“It has a really cool, ancient cellar, supposedly a wine cellar the original owner built for storing wine and perishables when he was going to have parties.”
“And you want to go in it? Don’t you have to ask permission from somebody?”
“Yes, I want to see it, and, no, you don’t have to ask for permission. It’s just sitting there in the countryside. Nobody pays the least bit of attention to it.”
“Sounds like work,” said Darren.
“You don’t have to go in. You can play on your phone or whatever, and we can take kielbasa.”
“Okay, I’m in” he said. And, so on this Saturday morning, they packed the car for a picnic and drove the hour to the country, and after a few wrong turns, found the picnic rock and the cellar. And the fall.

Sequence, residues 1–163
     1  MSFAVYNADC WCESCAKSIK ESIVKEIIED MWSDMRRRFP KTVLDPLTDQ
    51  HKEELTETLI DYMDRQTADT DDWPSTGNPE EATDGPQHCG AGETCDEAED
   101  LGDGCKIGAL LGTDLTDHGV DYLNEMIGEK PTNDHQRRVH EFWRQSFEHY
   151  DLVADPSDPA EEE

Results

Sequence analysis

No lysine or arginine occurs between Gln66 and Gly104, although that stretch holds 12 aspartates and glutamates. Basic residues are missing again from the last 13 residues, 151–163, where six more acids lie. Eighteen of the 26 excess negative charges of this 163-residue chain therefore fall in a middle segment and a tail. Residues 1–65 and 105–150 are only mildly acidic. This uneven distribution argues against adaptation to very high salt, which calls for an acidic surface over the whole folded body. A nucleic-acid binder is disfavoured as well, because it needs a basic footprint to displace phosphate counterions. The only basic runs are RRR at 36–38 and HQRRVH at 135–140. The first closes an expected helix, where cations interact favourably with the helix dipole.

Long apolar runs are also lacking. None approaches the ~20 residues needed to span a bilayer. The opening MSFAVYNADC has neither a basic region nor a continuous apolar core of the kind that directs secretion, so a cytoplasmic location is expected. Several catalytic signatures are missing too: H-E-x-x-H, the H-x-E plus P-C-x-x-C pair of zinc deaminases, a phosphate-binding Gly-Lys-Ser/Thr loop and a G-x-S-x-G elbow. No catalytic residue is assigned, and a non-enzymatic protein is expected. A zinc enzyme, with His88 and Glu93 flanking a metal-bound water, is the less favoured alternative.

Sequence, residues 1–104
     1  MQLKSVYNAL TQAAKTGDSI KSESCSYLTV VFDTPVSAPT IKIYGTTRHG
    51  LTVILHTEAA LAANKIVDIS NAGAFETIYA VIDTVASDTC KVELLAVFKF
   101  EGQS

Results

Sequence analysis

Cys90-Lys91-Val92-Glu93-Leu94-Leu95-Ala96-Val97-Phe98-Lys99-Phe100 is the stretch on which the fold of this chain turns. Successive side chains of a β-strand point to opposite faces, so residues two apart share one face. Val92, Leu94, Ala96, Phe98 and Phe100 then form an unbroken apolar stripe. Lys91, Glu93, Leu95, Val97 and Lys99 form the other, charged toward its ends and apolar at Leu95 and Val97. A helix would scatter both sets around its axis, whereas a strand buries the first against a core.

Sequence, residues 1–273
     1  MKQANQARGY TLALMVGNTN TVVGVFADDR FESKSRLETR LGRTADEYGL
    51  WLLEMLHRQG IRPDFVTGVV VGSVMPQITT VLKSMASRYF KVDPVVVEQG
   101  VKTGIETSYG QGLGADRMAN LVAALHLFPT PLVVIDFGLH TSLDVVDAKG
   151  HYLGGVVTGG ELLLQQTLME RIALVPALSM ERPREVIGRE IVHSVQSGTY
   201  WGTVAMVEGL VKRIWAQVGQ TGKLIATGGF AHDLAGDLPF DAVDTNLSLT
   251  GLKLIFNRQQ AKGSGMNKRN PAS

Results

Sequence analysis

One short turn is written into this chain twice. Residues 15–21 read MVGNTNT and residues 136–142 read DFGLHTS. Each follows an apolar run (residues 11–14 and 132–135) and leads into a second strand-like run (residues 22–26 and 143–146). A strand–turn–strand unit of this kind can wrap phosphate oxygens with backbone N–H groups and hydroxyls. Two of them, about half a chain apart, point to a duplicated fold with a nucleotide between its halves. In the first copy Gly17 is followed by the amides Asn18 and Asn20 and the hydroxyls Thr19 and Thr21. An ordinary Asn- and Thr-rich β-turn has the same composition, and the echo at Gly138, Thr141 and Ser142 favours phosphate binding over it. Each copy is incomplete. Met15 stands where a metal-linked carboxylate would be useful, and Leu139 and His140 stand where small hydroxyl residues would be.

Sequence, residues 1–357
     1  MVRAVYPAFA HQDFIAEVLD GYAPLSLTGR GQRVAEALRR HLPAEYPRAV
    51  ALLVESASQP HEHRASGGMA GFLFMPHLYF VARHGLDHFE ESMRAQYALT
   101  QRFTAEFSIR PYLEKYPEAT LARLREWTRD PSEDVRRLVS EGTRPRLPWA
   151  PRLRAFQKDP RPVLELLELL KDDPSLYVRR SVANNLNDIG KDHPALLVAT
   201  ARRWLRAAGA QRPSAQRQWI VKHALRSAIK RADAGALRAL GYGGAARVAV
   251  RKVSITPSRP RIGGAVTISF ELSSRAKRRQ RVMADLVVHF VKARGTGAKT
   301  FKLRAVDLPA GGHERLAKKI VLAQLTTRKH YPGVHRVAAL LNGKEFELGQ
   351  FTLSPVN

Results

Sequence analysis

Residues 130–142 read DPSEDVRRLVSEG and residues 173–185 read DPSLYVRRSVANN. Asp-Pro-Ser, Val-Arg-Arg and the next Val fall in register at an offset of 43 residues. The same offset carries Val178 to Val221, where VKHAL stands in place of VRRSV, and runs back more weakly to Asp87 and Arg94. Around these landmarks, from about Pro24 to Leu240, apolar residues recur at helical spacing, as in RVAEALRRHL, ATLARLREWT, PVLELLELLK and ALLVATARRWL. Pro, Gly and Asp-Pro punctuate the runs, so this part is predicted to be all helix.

Katelyn started through the tunnel. It was wide and high enough to walk comfortably, no crawling or wriggling through tight spaces, and no spiders, thank goodness. She hadn’t told Darren why she wanted to come to Helmsley, not really. Everything she did tell him was true, but she hadn’t mentioned the article that talked about the ley lines and energy at Helmsley and how if you actually went down into the cellar, the vibrations were stronger, and sometimes you could feel the entire universe. She didn’t know if she really bought all that stuff, but she wanted to see for herself. The article had only described stone steps and a chamber. It had not said anything about a tunnel. As she reached the end, she stepped into a, well, the article certainly hadn’t described anything like this. She wasn’t even sure what “this” was.